What can get a 6-foot, 290-pound lineman running faster than ever before?
Seeing his 4-2, 155-pound friend and teammate reach a goal, which just so happened to be reaching the goal line.
Joel Wardle, a Fairview senior who was born with a dwarfism condition called achondroplasia, scored on a 1-yard touchdown run in the Eagles’ 53-12 win at Powell County on Friday night. It was one night after his 18th birthday.
“The moment was inspirational,” said fellow senior and close friend Cody Sammons. “He just kept pushing and pushing all season, and never gave up.”
Sammons, the aforementioned lineman, watched intently from the sidelines. All of the team’s backups were in the game.
After Wardle dove past a defender into the end zone, capping a three-carry, seven-yard effort, Sammons sprinted to give him a hug.
“I didn’t care to get a penalty or anything,” Sammons said. “I was so excited for him.”
Wardle has been a sports lover since the age of 3. He’s played baseball all of his life, never having taken a year off. Football, though, has entailed a different journey. He began playing Junior Football League, but it didn’t last long.
This past winter, Sammons and senior Devon Turner, among others, persistently persuaded Wardle to return to a game he loved.
“They kept encouraging me to play, so I decided to start lifting weights with them in December,” Wardle said.
Ten months (and 10 wins) later, Wardle said this about that decision: “It’s probably one of the best decisions I’ve ever made in my sports career.”
With “tremendous” support, as he called it, from the community since coming to Fairview from Ashland before his freshman year, he’s excelled in the classroom (3.9 grade point average). Wardle aspires to go to the University of Kentucky and become a physical therapist.
Described as funny and laid back, Wardle also can show a serious side. Some of that was displayed as he began garnering plenty of attention in the weight room this past winter.
According to Sammons, Wardle is the hardest worker on the team. His numbers show it: 285-pound bench press and 455-pound squat.
“He does everything we ask him to do,” said Fairview coach Nathan McPeek. “I respect Joel, not only for what he’s been through, but the kind of man he’s become.”
Perhaps Wardle’s most unique talent is turning his disorder into an advantage.
“The disability that I have helped me push harder to keep up with other kids,” Wardle said. “I just want to be the best I can and I know there’s always room for improvement. There’s no limit to how good I can be.”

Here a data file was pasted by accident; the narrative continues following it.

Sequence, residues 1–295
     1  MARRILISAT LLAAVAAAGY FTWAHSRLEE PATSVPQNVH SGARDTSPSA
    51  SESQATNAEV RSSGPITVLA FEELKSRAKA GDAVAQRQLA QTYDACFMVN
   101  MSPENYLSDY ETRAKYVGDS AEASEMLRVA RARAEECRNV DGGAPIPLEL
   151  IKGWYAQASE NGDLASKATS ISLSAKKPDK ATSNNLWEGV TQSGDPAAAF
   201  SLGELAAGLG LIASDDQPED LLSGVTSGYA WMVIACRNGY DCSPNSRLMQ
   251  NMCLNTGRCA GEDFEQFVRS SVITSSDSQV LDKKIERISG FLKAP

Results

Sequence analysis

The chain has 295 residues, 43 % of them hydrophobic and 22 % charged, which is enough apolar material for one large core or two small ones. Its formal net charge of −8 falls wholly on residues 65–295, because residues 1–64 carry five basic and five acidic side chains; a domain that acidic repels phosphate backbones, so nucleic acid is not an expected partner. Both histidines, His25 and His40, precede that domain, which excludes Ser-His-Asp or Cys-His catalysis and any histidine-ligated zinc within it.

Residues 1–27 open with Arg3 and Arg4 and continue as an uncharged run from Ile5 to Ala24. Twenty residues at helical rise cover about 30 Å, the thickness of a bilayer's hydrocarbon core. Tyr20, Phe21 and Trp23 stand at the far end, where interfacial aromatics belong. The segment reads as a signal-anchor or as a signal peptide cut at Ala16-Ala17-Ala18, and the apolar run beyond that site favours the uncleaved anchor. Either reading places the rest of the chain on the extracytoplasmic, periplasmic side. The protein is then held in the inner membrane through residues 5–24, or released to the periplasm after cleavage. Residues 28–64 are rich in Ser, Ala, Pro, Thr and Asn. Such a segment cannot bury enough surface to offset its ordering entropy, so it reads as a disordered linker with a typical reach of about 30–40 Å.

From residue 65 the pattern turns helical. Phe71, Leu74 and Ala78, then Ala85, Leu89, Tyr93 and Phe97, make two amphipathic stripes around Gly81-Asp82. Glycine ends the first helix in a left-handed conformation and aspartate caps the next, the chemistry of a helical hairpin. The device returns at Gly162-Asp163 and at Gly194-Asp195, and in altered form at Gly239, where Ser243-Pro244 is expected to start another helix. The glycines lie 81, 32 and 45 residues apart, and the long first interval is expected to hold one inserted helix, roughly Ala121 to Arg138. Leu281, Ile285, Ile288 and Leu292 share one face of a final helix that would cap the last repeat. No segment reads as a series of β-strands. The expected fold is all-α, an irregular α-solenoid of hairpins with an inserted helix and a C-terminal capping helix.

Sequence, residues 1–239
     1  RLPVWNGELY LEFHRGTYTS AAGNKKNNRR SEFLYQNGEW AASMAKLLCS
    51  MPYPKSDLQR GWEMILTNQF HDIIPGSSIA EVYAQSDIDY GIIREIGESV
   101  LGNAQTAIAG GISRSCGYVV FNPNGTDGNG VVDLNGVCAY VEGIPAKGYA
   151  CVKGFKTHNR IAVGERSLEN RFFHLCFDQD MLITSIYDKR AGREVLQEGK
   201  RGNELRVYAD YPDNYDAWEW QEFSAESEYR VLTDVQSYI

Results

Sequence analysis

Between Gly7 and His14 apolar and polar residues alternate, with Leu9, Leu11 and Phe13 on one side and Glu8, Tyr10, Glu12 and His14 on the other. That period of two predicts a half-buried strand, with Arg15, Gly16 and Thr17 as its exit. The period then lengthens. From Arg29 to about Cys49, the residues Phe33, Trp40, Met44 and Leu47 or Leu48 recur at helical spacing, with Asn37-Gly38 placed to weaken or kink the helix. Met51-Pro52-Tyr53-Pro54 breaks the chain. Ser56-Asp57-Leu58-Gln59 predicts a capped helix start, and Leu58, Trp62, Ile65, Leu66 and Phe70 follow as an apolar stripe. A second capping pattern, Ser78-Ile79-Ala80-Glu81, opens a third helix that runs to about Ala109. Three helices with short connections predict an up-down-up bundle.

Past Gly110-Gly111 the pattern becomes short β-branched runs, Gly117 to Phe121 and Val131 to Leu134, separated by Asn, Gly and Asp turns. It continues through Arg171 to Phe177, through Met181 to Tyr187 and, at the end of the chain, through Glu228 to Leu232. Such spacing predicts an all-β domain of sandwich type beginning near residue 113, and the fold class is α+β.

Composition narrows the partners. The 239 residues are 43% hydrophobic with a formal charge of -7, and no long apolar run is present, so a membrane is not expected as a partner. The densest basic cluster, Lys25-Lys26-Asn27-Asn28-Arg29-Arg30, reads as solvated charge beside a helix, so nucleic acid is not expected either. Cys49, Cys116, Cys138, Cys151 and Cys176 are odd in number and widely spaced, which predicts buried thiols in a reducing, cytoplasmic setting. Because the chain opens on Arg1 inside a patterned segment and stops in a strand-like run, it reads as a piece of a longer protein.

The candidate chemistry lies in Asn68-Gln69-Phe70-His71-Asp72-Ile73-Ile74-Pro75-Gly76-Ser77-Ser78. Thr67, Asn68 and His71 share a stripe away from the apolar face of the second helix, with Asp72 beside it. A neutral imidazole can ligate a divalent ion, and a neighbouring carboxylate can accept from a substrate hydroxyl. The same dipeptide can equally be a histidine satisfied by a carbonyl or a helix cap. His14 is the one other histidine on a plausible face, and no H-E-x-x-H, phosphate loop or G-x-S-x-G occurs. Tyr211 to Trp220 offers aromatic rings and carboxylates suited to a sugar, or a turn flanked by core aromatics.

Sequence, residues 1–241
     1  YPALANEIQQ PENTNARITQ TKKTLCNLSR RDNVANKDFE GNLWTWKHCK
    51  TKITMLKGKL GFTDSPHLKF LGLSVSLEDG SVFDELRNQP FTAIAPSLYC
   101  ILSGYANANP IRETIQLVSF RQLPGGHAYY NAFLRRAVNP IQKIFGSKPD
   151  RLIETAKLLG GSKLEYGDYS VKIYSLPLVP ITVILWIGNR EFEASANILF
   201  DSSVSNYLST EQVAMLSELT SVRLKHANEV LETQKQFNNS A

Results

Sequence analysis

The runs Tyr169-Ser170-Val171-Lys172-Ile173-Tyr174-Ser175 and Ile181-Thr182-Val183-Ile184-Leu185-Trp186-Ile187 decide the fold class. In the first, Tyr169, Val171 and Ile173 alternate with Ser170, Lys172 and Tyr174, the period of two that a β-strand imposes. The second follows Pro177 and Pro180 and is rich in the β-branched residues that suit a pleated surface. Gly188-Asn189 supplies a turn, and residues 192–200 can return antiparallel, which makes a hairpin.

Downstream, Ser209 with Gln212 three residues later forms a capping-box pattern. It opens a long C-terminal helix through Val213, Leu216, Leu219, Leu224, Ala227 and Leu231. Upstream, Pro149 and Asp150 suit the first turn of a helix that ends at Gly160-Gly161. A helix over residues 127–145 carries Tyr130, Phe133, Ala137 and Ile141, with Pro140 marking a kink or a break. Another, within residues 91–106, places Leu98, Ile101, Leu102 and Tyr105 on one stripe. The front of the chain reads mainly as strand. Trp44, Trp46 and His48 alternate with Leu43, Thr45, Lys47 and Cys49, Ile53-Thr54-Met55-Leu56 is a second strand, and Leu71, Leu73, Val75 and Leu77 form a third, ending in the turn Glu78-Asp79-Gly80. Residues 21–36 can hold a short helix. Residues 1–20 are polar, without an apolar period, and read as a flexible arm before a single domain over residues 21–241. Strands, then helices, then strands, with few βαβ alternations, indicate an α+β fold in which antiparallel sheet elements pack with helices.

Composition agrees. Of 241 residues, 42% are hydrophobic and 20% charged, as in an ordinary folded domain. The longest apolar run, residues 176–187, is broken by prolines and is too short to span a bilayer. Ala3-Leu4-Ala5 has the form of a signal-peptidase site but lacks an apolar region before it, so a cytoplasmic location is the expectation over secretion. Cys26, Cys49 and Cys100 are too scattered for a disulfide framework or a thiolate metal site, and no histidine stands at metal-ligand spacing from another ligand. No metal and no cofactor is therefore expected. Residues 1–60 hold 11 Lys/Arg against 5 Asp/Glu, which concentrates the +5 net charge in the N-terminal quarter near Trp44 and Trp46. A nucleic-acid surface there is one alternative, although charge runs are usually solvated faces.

Along with running back, Wardle has also played defensive tackle. He’s gotten rushing attempts in three games — against Greenup County, Paintsville and now Powell County.
Wardle won’t forget the chain of events that led up to achieving his main personal goal on Friday.
Running backs coach Garry McPeek informed Wardle late in the game that coaches were going to allow him to get in, and they were wanting him to get a score.
That score came after two prior runs, one of a short loss and another nice gain.
“There was about 40 seconds left on the clock, and I previously ran a seven-yard run to get me there,” Wardle recalled of helping his team reach the 1-yard line. “I told the guys in the huddle to block one more time and I’ll get this one in.
“They did their job, but there was one man that didn’t get blocked. He was coming right at me so I had to dive in.”
According to Wardle, offensive linemen Josh Russell and Aaron Fitchpatrick made key blocks for him, as did quarterback Kyle Stormes.
Then, it was time to soak up the celebration.
“I just saw everyone come up to me,” Wardle said. “It felt so good knowing that I accomplished my goal finally.”
Said Sammons: “That was one of the best moments of my career. It ranks up right up there with beating Raceland this season.”
While Wardle has relished the highlight, he knows it’s time to move on and try to help his team reach the ultimate goal, that of a state title. The Eagles (10-0) begin their playoff road at home against Phelps on Thursday night at 7.
AARON SNYDER can be reached at firstname.lastname@example.org or (606) 326-2664.